Lin-Manuel Miranda Brings ‘Hamilton’ to a Troubled but Appreciative Puerto Rico

SAN JUAN, P.R. — Lin-Manuel Miranda only had to speak his character’s name — Alexander Hamilton — to bring the crowd to its feet.

It was Friday night in San Juan — the first performance, and also the opening night, of a 17-day run of “Hamilton” in Puerto Rico — and as soon as the crowd caught sight of the show’s 38-year-old creator and star, it drenched him in applause, forcing a momentary pause, the actors frozen mid-scene while the patrons unleashed a storm of appreciation born, of course, of fandom, but also of something deeper.

“Today Puerto Rico gave me more energy than ever in my life in that moment,” Mr. Miranda, speaking in Spanish, told reporters after the show. “I’ve never felt anything like that.”

“Hamilton” arrives in San Juan at a time when Puerto Rico is struggling — still recovering from the devastation of Hurricane Maria, facing chronic economic challenges and political turmoil, and now confronting an outbreak of violence that claimed the life of a well-known trap singer on Thursday.

Last-minute works were done at the venue as the audience arrived.CreditErika P. Rodriguez for The New York Times


Mr. Miranda, born and raised in New York City to parents from Puerto Rico, is devoted to the island; he is hoping that the run of “Hamilton” here will call attention to both its needs and its riches. About 20 members of Congress, in Puerto Rico visiting areas damaged by the hurricane, came to see the show on Sunday.

“People are going to come to Puerto Rico because of ‘Hamilton,’ and hopefully spend a lot of money here,” Mr. Miranda said on Friday. “But they’re also going to see blue tarps, and they’re also going to see how much work there is to be done.”

The San Juan run is being staged at Centro de Bellas Artes Luis A. Ferré, a local performing arts venue, after the show’s producers decided at the last minute to relocate it from the University of Puerto Rico’s Río Piedras campus, citing concern about security in the event of protests.

Some of the potential for unrest was not directly related to “Hamilton” — the university is in the midst of contentious labor talks — but some was. Mr. Miranda’s support for a debt restructuring plan that led to a fiscal oversight board for Puerto Rico has brought him some criticism. He now supports debt forgiveness for the island, and on Friday he denounced austerity measures that raised costs for university students.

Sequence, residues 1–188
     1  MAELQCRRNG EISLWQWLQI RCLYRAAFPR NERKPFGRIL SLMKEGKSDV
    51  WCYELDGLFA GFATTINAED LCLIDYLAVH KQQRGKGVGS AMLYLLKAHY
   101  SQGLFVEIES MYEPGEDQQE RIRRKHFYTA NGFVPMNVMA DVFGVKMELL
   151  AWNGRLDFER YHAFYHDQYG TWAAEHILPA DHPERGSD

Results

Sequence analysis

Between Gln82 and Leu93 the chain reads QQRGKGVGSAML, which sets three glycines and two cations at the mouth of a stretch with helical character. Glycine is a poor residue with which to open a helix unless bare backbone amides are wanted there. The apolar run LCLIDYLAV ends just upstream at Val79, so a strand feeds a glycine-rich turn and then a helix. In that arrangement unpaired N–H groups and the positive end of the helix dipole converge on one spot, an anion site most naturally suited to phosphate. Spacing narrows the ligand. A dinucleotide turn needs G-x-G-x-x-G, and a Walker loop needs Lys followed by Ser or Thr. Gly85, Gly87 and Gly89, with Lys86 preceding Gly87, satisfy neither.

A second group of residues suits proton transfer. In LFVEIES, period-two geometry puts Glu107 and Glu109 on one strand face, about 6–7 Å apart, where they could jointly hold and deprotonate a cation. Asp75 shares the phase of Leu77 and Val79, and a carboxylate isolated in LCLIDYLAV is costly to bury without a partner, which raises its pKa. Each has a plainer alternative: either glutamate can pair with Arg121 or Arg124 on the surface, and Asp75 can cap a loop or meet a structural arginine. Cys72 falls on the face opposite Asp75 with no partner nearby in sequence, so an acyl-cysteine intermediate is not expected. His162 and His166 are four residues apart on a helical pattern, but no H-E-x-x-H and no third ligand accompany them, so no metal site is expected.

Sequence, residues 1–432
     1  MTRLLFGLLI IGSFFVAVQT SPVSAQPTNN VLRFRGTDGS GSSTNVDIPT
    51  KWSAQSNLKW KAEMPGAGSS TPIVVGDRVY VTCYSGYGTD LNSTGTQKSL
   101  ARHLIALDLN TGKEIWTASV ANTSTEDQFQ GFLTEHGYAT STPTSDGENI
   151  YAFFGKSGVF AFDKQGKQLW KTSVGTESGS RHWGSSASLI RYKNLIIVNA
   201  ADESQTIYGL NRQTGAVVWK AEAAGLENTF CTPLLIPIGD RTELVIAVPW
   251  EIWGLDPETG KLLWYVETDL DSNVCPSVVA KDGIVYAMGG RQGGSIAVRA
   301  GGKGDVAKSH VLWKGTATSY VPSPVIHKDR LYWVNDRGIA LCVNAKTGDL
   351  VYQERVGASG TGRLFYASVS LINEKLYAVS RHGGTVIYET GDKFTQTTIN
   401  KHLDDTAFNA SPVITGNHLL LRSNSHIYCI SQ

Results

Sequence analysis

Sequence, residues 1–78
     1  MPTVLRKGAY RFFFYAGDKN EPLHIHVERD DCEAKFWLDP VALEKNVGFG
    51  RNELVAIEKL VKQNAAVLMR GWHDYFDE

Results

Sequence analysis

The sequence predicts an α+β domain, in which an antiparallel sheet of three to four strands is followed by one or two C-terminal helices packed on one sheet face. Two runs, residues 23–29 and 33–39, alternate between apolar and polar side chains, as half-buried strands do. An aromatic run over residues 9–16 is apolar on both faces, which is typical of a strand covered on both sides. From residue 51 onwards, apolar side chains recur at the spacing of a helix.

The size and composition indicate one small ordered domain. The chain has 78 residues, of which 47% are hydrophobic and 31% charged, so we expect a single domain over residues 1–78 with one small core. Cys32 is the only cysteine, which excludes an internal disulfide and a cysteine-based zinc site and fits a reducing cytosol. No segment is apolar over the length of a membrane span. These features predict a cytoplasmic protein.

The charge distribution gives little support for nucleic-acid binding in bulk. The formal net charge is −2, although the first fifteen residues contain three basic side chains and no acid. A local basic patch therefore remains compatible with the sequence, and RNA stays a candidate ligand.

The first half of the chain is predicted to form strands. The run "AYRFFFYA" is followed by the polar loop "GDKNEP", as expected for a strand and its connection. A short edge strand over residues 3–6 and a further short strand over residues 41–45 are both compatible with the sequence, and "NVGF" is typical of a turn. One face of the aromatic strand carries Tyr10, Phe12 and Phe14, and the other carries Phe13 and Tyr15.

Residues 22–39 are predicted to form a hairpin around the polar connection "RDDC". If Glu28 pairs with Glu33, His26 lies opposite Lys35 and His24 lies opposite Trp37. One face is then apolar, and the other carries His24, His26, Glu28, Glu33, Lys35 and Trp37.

A handful of University of Puerto Rico theater students are interning with the production. Paola A. Martínez Orengo, a student who is helping in the show’s wardrobe department and attended the opening night festivities, said, “Of course I am saddened that it’s not happening at our university, but I am glad that I got to be a part of it.”

Collecting tickets. To raise funds, several thousand were sold at $5,000 each. But many were also made available for $10.CreditErika P. Rodriguez for The New York Times


There was one small rally outside the show’s opening Friday night: About a dozen advocates of statehood for Puerto Rico gathered behind a banner, holding signs and shouting slogans. The protesters said they had no issues with “Hamilton” but were using the occasion to call attention to their concerns.

The production is a fund-raiser, expected to generate about $15 million for the Flamboyan Arts Fund, a Miranda family effort to support Puerto Rican artists. The money is being raised in part through the sale of several thousand tickets for $5,000 each; about a quarter of all the tickets are being sold for $10 each.

At the Friday night opening, there were a few boldfaced names from the mainland, including the television producer Shonda Rhimes, the musician Questlove and the television host Jimmy Fallon; a number of Puerto Rican celebrities, including the singer Lucecita Benítez, the comedian Raymond Arrieta, and the former Miss Universe Denise Quiñones; and the Spanish chef José Andrés, who was active in relief efforts here after the 2017 hurricane.

There were “Hamilton” alumni, including Leslie Odom Jr., who won a Tony as the original Aaron Burr, and a lot of people who played some part in the creation of the show, including Ron Chernow, the historian whose biography inspired it.

There were also a lot of people who just wanted to see “Hamilton.”